Saturday, April 20, 2024

Allahabad HC declares UP Board of Madarsa Education Act ‘unconstitutional’

The Allahabad High Court on Friday declared the Uttar Pradesh Board of Madrasa Education Act, 2004, “unconstitutional”.

A division bench comprising Justice Vivek Chaudhary and Justice Subhash Vidyarthi repealed the act by terming it violative of the principle of secularism and asked the state government to accommodate current students in the formal schooling system.

The bench was hearing a writ petition filed by a person named Anshuman Singh Rathore.

UP Madrasa Education Board Chairman Iftikhar Ahmed Javed responded to the order and said the board would study the decision and decide the further course of action.    

“Now after 20 years, the Madrasa Education Act has been declared unconstitutional. Obviously, there has been some mistake somewhere. Our lawyers could not present their case properly before the court,” he added.

The petition had challenged the constitutionality of the UP Madarsa Board as well as objected to the management of the madrasa by the Minority Welfare Department, rather than the education department.

The petitioner and his counsel argued that the Madrasa Act violates the principles of secularism, and fails to provide compulsory and quality education up to the age of 14 years/Class-VIII to the children in madrasas, as is mandatorily under Article 21-A.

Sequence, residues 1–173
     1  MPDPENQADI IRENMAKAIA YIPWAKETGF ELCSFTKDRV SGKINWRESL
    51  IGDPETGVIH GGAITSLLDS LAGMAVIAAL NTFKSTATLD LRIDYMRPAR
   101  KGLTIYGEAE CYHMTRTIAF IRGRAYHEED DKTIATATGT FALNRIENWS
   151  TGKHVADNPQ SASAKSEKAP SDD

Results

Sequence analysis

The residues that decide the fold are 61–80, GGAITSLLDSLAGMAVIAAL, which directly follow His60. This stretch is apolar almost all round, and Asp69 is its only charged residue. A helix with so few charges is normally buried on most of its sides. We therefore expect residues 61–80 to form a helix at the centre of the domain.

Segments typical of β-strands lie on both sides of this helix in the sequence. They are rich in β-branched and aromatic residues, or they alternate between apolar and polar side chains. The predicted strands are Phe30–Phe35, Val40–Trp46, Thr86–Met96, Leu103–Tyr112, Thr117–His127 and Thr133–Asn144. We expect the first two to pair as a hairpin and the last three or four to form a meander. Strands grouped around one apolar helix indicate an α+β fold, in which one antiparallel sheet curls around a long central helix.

“Thus, it violates the Fundamental Rights of the students of the madrasas,” they claimed.

Opposing the petitioners, the state government counsel said that no doubt the Madarsa Board provides religious education as well as religious instructions to the students, but the State has sufficient power to impart such education under the Constitution of India and is rightly permitting such education.

“Providing religious education and instructions is not barred or illegal. For such religious education a separate Board is necessarily required, which needs to have members of such particular religion,” he said.

Senior All India Muslim Personal Law Board (AIMPLB) member Maulana Khalid Rashid Farangi Mahali said the order should be challenged in the apex Court.

There are about 25,000 madrasas in Uttar Pradesh of which 16,500 are recognised by the Uttar Pradesh Madrasa Education Board. Of them, 560 madrasas receive grants from the government. Apart from this, there are 8,500 unrecognised madrasas in the state.

Javed, who heads the UP madrasa board, said that the High Court’s order will have a major impact on government-aided madrassas. If the Madrasa Education Act is repealed, teachers of aided madrasas will become unemployed, he said.

“In 2004, the government itself enacted the Madrasa Education Act. Similarly, Sanskrit Education Council has also been formed in the state. The objective of both the boards was to promote languages like Arabic, Persian and Sanskrit,” he said.

When asked whether this decision of the High Court will be challenged in the Supreme Court, Javed said, “Now it is for the government to decide, because the court has given orders to it.”

AIMPLB member Farangi Mahali asserted that the Muslim community has established madrassas as per its constitutional rights, “just like there are Sanskrit schools”.

“Modern education is also being given in madrassas. If the Madrassa Education Act itself is abolished, then teachers of hundreds of madrassas in the state will become unemployed and there will be a question mark on the future of the children studying in them,” he said.


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